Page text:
2014's fast food atrocities
Burger King's black cheeseburger: Made with squid ink and bamboo charcoal, arguably a symbol of meat's destructive effect on the planet. Only available in Japan.
The latest conservative outfit to fire an angry broadside against John Kerry’s heroic war record is Swift Boat Veterans for Truth, which today launches a campaign to brand the Democrat “unfit to serve as commander in chief.” Billing itself as representing the “other 97 percent of veterans” from Kerry’s Navy unit who don’t support his presidential candidacy, the group insists that all presidential candidates must be “totally honest and forthcoming” about their military service.
These “swift boat vets” claim still to be furious about Kerry’s 1971 Senate testimony against the war in which he spoke about atrocities in Indochina’s “free fire zones.” More than three decades later, facing the complicated truth about Vietnam remains difficult. But this group’s political connections make clear that its agenda is to target the election of 2004.
Behind the Swift Boat Veterans for Truth are veteran corporate media consultant and Texas Republican activist Merrie Spaeth, who is listed as the group’s media contact; eternal Kerry antagonist and Houston attorney John E. O’Neill, law partner of Spaeth’s late husband, Tex Lezar; and retired Rear Adm. Roy Hoffman, a cigar-chomping former Vietnam commander once described as “the classic body-count guy” who “wanted hooches destroyed and people killed.”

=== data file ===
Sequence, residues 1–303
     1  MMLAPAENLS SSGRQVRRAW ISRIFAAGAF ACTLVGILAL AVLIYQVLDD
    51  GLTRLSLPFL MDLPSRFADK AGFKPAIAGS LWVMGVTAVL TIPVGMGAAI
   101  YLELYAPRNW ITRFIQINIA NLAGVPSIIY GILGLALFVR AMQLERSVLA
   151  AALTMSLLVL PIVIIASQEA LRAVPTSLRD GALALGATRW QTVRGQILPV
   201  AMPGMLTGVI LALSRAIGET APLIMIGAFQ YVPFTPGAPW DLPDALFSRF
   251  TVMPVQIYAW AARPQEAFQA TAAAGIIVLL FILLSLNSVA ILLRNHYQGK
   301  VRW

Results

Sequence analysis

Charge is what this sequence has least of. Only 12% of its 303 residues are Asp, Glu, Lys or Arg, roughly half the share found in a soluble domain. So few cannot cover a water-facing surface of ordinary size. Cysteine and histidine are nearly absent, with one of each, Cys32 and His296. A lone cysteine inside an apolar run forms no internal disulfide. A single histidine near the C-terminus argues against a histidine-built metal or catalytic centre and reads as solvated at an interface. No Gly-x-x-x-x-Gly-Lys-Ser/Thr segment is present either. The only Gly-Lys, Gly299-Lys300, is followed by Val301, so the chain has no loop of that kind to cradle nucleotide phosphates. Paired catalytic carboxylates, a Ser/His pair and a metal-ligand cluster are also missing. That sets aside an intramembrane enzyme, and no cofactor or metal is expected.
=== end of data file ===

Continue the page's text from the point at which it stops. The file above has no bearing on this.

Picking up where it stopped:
Spaeth told Salon that O’Neill first approached her last winter to discuss his “concerns about Sen. Kerry.” O’Neill has been assailing Kerry since 1971, when the former Navy officer was selected for the role by Charles Colson, Richard Nixon’s dirty-tricks aide. Spaeth heard O’Neill out, but told him, she says, that he “sounded like a crazed extremist” and should “button his lip” and avoid speaking with the press. But since Kerry clinched the Democratic nomination, Spaeth has changed her mind and decided to donate her public relations services on a “pro bono” basis to O’Neill’s latest anti-Kerry effort. “About three weeks ago, four weeks ago,” she said, the group’s leaders “met in my office for about 12 hours” to prepare for their Washington debut.